Your best bet is to go on a night when the piano man is playing. This guy, who looks like he has eaten a lot of those cheese blintzes, plays five nights a week from 7 to 12 (no Mondays and Thursdays). When the piano man is playing American pop tunes, and you are at the crowded, dimly lit bar testing the horseradish infused vodka, that’s when the RVR shines.

It’s the kind of place where the noise gets louder and the crowd gets happier as the happy hour goes on. I’m generally a beer guy, but I like to come here with a group of friends. We find a table in the back room near the piano man; we eat, and we drink vodka ‘till it hurts (and it will hurt).
Phone #: 212-307-5835
Hours: 4pm-2am; Fri-Sun closes 4am (that could be trouble)
Happy Hour: 4-7pm every day
$4 shots infused vodka (2oz), $5 cosmos; $4 czech draft beer
Music: FR-SU; TU-WE / 7pm-12am
Subway: #1 to 50th St.
Walk 2 blk N. on B’way to 52nd St.; 1 blk W. to RVR
Confusingly, the Russian Samovar is right across the street, on the S. side of 52nd St.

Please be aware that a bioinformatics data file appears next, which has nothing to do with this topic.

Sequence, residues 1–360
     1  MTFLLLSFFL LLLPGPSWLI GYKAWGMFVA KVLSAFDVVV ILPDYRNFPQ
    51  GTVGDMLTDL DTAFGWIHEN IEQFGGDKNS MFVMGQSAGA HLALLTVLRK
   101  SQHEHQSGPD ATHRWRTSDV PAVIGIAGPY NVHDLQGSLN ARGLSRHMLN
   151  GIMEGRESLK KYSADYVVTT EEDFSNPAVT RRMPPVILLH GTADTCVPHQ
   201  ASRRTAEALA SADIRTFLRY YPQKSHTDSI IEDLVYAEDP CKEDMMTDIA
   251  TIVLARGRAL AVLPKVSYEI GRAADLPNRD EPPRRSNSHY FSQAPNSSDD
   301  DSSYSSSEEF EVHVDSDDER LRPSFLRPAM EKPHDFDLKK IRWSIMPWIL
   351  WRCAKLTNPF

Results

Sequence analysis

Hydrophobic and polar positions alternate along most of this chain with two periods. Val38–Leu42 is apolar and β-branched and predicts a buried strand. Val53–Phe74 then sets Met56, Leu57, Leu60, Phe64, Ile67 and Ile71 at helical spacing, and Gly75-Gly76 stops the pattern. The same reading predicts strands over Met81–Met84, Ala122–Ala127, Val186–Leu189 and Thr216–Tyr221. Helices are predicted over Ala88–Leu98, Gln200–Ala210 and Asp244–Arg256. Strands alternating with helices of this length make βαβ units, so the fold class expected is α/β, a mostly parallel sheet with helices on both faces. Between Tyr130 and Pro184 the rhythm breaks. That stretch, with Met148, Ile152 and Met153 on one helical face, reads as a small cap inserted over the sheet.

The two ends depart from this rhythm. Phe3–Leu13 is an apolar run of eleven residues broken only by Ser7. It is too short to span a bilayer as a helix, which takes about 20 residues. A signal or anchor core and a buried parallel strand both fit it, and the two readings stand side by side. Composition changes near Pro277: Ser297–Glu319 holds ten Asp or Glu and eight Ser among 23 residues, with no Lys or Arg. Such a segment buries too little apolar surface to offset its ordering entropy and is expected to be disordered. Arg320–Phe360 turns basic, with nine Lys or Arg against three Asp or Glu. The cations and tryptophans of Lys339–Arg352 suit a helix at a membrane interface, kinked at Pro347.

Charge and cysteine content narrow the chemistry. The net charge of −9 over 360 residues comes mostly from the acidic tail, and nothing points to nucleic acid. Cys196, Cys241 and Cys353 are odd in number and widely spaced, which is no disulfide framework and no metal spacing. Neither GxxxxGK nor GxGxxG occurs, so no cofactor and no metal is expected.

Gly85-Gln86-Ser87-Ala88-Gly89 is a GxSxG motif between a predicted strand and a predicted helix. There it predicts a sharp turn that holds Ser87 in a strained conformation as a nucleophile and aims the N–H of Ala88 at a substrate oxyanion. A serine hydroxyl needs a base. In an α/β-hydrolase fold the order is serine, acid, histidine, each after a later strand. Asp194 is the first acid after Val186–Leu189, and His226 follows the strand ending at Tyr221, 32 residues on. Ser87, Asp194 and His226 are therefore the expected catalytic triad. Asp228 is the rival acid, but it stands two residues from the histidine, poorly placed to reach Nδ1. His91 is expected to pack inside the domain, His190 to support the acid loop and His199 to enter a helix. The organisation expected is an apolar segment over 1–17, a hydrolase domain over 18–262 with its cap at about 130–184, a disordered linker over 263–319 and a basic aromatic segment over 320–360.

The RVR, your destination, is on the N. side of 52nd St.
Update: music now includes a sax player with a younger, trimmer piano man. “Tiny” we miss you.

“Pub” is used in it’s broadest sense – bars, bar/restaurants, jazz clubs, wine bars, tapas bars, craft beer bars, dive bars, cocktail lounges, and of course, pubs – just about anyplace you can get a drink without a cover charge (except for certain jazz clubs).
If you have a fave premier pub or good eating place on Manhattan’s WestSide let us all know about it – leave a comment.

This week’s fave and FREE NYCity AppS: 
Trip Advisor
An enormous base of NYCity user reviews (2.1 million) provides the widest coverage of hotels (468), restaurants (12,645) and things to do (yes, 3,246). Have a specific question? Then try one of Trip Advisor’s forums. Just remember that with all those reviews you have to try to find the consistency among the comments, and ignore the outliers.

Instantly locate restaurants near you with open reservations and then place a reservation right from your iOS device. A great interface and the ability to see a menu from the restaurant you’re interested in makes this my go to restaurant reservation app.

Subway Time 
Need to catch your #1,2,3 subway to attend an event? Use the Subway Time app from the MTA to find out when the next train arrives at your station. The MTA also has Bus Time info available on their mobile website.